The path began to wind through the midst of rocky hills, where Awab on his short legs grew tired easily and had to ride on one of the sullen donkeys. He saw giants with herds of buffalo, just like Neevak’s brother in the stories, and then walled towns that baffled him with their size and height. Were there red gods here too, ruling these giants and granting them gifts?
After many days the lands became dry again and their path brought them back to the river at a place where it was broken up by countless islands and smaller rocks, rushing through them in a spray of froth and mist. On each side of the river was an enormous pillar of stone, and as the giants sat in the shadow of the right-hand pillar to eat, Awab studied the carvings on the pillar. They resembled creatures of various kinds, he thought, among which snakes were prominent, coiling up and down the rows of carvings. Did they represent the spirits of this land, or were they perhaps sacred to some god? Whatever the pillars meant, they were as tall as the greatest trees of the forest and he was certain that it had been some father of giants who had placed them there.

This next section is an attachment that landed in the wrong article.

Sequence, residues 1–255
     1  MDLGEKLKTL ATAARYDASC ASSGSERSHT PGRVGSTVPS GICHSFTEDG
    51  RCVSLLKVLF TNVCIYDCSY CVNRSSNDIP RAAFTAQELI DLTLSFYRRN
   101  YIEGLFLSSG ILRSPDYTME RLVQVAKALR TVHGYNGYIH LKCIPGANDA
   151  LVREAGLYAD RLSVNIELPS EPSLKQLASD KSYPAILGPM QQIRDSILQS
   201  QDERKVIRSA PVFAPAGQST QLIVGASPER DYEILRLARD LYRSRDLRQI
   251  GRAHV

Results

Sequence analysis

.They continued north from there, as the trail they had been following became a wide road and they passed other caravans of donkeys bearing heavy burdens. Now Awab saw great boats on the water, greater than those of Mar Gjol or the people of the starry skins, their bellies filled with rows of oarsmen. Little streams sprang off from the main river at regular intervals, bringing water to the fields on either side, where ghosts bent over their work. This indeed was a land of giants.